The face of global mobility has changed forever. Companies working on integrating relocation or flexible living plans into their growth strategy will require full-stack solutions, especially considering the demand that can be expected, thanks to remote work’s acceptance in knowledge-based industries.

It can be frustrating trying to catch up with rapidly changing trends, such as increasing pressure to provide compliant global mobility policies. There’s no doubt it’s needed: 68 percent of respondents to an Envoy Global survey expected outbound immigration assignments to increase. In mid-2021, 24 percent of those respondents predicted that demand would surpass pre-pandemic levels in the near future.

The only way to cope with increasing need and interest in global mobility is to build seamless integrations that are compliant and allow for global, remote workforce hiring and management.

The problem: implementing an integrated global mobility and remote work policy

Today, parallel to the traditional mobility policies of either permanent transfers or varying-term assignments, global mobility managers are developing alternative policies. Those responsible for drafting mobility policies are now faced with commuter or rotational assignments, as well as cheaper expat-lite or local-plus policies designed to better suit employees’ specific situations. Moreover, virtual assignments are gaining traction amid remote work as an added option for companies looking for the best global mobility model for their business. Global mobility managers and leaders alike must navigate these new iterations on relocation, while complying with applicable laws and regulations.

Case in point: A recent BCG survey across 190 countries found that 50 percent of 209,000 respondents were open to physical relocation, but even more – 57 percent – were willing to work remotely for an employer that does not have a physical presence in their home country. This might even be preferable to many workers looking for new opportunities without physical relocation.

The prevalence of remote work has deeply connected family, wellbeing, and health to the workplace, after decades of clear separation. Employees want the control and flexibility to create their own experience, supported by a system that encompasses nontraditional benefits for virtual assignment employees, such as flexible work arrangements, home office expenses, and mental health and wellness programs.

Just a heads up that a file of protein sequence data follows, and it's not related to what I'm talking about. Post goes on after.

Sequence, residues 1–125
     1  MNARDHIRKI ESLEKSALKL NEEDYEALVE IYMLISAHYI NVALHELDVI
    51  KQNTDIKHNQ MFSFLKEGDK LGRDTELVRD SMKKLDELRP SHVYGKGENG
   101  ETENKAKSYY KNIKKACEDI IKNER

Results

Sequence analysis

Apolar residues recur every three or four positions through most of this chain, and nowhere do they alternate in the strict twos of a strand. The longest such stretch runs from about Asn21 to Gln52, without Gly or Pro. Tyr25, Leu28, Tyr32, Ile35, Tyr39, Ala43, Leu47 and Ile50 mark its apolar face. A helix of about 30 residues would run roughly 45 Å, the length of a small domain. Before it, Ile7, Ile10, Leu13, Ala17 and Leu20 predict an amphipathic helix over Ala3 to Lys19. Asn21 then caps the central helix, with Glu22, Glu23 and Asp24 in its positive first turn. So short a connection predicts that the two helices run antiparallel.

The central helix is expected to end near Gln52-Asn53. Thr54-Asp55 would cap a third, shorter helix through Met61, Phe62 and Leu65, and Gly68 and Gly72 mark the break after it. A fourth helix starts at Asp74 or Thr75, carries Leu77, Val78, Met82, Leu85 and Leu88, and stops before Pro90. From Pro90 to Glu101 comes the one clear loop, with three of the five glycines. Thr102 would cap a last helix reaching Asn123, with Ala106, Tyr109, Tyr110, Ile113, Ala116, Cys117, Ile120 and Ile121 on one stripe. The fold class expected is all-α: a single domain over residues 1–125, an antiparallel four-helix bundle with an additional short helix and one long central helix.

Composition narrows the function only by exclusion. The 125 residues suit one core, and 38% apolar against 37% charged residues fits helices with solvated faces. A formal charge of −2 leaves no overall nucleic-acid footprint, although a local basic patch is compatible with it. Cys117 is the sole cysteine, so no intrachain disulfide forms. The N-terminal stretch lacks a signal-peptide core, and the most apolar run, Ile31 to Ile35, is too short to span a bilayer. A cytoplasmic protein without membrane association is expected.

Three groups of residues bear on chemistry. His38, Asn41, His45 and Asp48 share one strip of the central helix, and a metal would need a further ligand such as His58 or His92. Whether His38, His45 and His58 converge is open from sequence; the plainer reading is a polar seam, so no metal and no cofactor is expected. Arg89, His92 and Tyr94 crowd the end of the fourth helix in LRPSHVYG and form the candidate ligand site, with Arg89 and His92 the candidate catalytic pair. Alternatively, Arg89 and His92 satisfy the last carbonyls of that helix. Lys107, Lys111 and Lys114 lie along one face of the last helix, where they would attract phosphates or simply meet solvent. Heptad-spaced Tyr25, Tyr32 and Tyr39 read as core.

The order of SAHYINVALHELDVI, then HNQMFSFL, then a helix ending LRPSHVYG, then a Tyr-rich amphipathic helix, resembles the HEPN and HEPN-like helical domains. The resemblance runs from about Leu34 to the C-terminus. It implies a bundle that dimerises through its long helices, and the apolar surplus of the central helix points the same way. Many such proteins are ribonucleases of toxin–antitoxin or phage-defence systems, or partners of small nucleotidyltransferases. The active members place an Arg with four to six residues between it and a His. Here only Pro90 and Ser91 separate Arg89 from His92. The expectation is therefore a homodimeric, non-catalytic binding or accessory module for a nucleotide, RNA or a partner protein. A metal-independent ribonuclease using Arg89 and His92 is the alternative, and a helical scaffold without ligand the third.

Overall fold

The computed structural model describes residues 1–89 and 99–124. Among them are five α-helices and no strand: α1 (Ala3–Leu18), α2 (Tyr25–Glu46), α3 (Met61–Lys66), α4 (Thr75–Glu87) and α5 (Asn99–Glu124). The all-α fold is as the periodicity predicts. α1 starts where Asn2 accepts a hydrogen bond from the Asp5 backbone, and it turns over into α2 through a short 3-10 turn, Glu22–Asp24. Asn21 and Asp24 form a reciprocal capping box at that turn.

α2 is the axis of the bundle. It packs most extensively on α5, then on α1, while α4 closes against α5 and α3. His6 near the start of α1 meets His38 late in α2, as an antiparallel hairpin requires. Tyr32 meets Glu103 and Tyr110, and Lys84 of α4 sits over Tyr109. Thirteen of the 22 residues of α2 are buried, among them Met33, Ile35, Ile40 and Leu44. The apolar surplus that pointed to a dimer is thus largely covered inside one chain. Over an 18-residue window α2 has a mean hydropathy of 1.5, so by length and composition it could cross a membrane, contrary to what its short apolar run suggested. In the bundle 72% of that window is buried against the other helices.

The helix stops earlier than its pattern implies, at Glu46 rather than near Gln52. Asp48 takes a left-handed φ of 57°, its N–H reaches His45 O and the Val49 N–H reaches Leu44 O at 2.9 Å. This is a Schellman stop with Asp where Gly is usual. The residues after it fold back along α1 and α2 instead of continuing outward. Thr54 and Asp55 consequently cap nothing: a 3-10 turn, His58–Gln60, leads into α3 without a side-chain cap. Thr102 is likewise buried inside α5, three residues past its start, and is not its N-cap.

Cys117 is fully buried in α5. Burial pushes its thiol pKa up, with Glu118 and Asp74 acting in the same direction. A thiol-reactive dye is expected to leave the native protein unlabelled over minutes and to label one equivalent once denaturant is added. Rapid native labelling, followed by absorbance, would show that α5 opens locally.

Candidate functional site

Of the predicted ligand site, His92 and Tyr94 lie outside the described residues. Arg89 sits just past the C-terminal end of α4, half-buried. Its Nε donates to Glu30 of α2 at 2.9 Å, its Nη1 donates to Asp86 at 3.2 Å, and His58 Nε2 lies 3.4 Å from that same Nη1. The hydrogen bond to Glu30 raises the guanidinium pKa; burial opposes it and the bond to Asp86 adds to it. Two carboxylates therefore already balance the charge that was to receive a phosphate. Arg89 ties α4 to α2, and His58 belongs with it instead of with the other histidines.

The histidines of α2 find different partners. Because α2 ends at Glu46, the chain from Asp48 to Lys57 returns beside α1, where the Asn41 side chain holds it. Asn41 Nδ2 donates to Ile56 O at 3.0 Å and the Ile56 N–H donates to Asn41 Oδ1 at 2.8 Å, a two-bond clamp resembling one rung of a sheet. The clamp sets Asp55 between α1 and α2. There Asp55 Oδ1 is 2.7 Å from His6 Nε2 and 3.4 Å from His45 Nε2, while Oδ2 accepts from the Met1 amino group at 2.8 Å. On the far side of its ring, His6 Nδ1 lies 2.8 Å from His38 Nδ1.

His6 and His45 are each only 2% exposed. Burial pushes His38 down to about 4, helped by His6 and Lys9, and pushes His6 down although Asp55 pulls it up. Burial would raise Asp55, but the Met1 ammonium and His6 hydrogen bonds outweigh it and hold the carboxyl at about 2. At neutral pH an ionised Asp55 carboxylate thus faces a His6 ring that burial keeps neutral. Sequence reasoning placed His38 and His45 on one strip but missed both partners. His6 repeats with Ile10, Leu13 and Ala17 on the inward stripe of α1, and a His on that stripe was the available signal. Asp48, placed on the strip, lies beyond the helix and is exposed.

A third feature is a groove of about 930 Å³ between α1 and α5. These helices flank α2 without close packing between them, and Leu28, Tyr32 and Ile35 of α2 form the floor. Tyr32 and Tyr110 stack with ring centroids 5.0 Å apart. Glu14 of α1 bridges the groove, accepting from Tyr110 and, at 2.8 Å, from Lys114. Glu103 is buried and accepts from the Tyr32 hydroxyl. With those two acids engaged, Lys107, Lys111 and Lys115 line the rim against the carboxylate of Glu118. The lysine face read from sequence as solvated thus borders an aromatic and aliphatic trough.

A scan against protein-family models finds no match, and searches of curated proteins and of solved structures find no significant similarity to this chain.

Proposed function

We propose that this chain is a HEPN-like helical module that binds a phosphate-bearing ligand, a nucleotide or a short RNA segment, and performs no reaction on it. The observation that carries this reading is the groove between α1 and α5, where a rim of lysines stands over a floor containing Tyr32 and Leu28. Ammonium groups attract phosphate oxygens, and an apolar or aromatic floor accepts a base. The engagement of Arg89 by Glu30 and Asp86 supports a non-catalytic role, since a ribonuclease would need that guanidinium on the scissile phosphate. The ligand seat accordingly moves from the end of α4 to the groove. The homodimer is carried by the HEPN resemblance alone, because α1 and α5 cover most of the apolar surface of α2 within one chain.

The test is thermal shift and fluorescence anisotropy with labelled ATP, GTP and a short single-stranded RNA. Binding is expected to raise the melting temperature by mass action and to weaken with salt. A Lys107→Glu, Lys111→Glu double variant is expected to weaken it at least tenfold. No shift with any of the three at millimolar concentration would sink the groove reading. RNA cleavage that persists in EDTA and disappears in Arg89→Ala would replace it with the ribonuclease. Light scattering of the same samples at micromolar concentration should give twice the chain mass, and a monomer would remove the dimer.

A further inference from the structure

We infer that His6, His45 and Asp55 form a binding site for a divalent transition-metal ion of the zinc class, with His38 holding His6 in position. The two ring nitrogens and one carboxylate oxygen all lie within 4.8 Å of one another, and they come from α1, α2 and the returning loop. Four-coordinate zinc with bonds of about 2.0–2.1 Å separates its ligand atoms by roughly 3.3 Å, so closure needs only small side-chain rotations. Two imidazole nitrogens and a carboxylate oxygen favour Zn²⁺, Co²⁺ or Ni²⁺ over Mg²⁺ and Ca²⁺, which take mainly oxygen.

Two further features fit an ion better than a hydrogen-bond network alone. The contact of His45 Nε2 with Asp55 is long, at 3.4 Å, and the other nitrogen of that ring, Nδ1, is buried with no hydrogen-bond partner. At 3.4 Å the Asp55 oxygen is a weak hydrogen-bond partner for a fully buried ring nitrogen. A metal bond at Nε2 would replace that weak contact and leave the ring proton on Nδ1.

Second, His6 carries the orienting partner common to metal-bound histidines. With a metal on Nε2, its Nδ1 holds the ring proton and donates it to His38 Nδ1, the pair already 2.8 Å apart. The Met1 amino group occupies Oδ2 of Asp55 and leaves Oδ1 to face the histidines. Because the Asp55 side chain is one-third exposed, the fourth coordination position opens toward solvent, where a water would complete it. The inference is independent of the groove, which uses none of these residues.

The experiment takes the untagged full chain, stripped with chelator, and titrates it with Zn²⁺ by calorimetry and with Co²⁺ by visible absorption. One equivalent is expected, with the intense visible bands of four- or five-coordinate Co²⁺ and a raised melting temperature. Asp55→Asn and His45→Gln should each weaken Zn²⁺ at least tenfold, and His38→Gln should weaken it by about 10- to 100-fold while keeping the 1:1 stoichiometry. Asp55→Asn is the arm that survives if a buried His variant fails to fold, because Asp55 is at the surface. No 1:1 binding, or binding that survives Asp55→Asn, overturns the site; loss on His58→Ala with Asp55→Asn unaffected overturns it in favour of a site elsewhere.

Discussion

As a result, HR tech has had to expand beyond payroll, recruitment, and benefits to encompass employees’ home life and interests in either relocating, or securing new employment from their home.

“The way we are working is changing so fast with people going home, coming in part-time, working on different projects, working on cross-functional teams — we need HR tech to be as morphable as the organization.” – Josh Bersin, Global HR Analyst, Founder and Dean of the Josh Bersin Academy.

Luckily for global mobility managers, HR tech is stepping up to the plate. Set to become a centerpiece for an effective, integrated global mobility policy, the SaaS and human resource information systems (HRIS) integration is likely to become the norm going forward. Companies that want to keep up with the rising trend toward global mobility are leaning on technology that provides shortcuts.

The solution: symbiotic technology and partnerships

On the tech side of things, companies looking to leverage an end-to-end platform for their global mobility policy needs can either develop it in-house, acquire legacy software, or partner with a company offering a global payroll and employee mobility solution. Here’s what global mobility facilitators need to know about each option:

  • In-house solution
    Developing an in-house solution has the potential to unlock an unmatched competitive edge. An in-house solution is not only tailored to a company’s specific needs and pain points, but also offers its customers a unique solution that cannot be found anywhere else.However, without a well-thought-out plan and the skilled, tech-tenured talent required to oversee the platform, companies that go tech-intensive might waste funds keeping up with the constant demand for innovation. It takes time to flatten the steep learning curve inherent to integrating a new, tech-infused mobility solution across all departments, and for managers and teams to adapt to the new tools.